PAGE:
It only takes twelve dedicated people to change the world

The Blog Action Day theme the “Power of We” seems like a good excuse to introduce my theory of twelve. I think about organizing often since I’ve done it both professionally¬†and as a volunteer in a number of organizations and campaigns. I enjoy reading histories of movements and leaders. The trend I noticed is that a core group of twelve dedicated, hard working people can change just about anything.

Often, it takes fewer than that. They don’t have to be geniuses or wealthy. They simply have to be committed to seeing their goals through.

The Memphis lunch counter desegregation sit-ins started with twelve people in the basement of a church holding civil disobedience training sessions.

It’s enough people to form the board and lead volunteers of a powerful non-profit group. Any Occupy group with that many active leaders is staying strong.

Most Presidential primary campaigns can be run with twelve staff until the race goes national. It’s more than enough key volunteers to run a serious campaign for other elected offices like State Representative or Mayor.

Even Jesus started out by recruiting twelve apostles and look how that turned out.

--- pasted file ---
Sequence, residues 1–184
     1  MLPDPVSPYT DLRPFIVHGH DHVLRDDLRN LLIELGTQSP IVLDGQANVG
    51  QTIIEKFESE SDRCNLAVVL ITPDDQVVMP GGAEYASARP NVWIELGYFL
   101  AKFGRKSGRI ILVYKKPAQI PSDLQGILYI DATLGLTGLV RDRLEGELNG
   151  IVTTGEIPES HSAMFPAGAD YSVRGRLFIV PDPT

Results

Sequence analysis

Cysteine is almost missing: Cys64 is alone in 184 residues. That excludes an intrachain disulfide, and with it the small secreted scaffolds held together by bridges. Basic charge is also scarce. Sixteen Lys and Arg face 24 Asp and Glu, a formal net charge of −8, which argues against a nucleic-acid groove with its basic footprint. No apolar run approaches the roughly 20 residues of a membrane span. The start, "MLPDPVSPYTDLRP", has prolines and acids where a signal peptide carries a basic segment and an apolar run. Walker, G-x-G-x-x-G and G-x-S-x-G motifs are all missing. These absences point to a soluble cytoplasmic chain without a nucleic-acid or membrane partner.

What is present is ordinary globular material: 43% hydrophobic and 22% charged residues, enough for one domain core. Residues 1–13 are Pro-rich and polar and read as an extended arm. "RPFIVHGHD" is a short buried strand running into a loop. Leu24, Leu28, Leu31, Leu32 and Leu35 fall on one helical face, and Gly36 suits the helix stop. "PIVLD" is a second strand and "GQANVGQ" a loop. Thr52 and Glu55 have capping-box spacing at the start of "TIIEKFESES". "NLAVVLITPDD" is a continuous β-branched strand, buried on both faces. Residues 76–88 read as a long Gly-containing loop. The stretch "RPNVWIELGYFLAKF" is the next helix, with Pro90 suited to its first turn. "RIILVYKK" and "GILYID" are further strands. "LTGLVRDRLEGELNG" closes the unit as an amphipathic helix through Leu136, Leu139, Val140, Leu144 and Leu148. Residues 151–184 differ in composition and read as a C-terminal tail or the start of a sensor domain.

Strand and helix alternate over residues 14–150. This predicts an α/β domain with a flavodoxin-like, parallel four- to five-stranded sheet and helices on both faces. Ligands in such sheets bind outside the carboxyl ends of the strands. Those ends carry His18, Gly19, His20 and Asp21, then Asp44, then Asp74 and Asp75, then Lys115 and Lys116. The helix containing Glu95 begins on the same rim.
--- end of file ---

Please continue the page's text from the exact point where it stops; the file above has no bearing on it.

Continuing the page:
It’s a small number but most groups have trouble finding that many dedicated people. It’s not hard to get someone who will help out once in a while. Finding twelve people who will really spend their time, energy, and passion toward a common goal is difficult. Most groups accomplish a great deal with 6-10 leaders, but still never reach that world-changing threshold of twelve hard workers.

So much works against getting twelve people cooperating on a single project. Cynicism covers everything like a wet blanket. People get discouraged by past failures. The media turns activism into a passive form of entertainment, rather than something you get off the couch and do.

Our educational and political systems usually emphasize individual action and the power of individual leaders, instead of the power of movements. Long work hours and family obligations are barriers for most. And you can always play a pretend life on the computer instead of living a real one for yourself.

But, if you can manage to find at least twelve people motivated to work hard together on a project, I’m absolutely certain that big things will happen. I’ve seen it done. That’s all it really takes.

© 2012 Willinois. This article is reproduced by permission of the author. All rights reserved.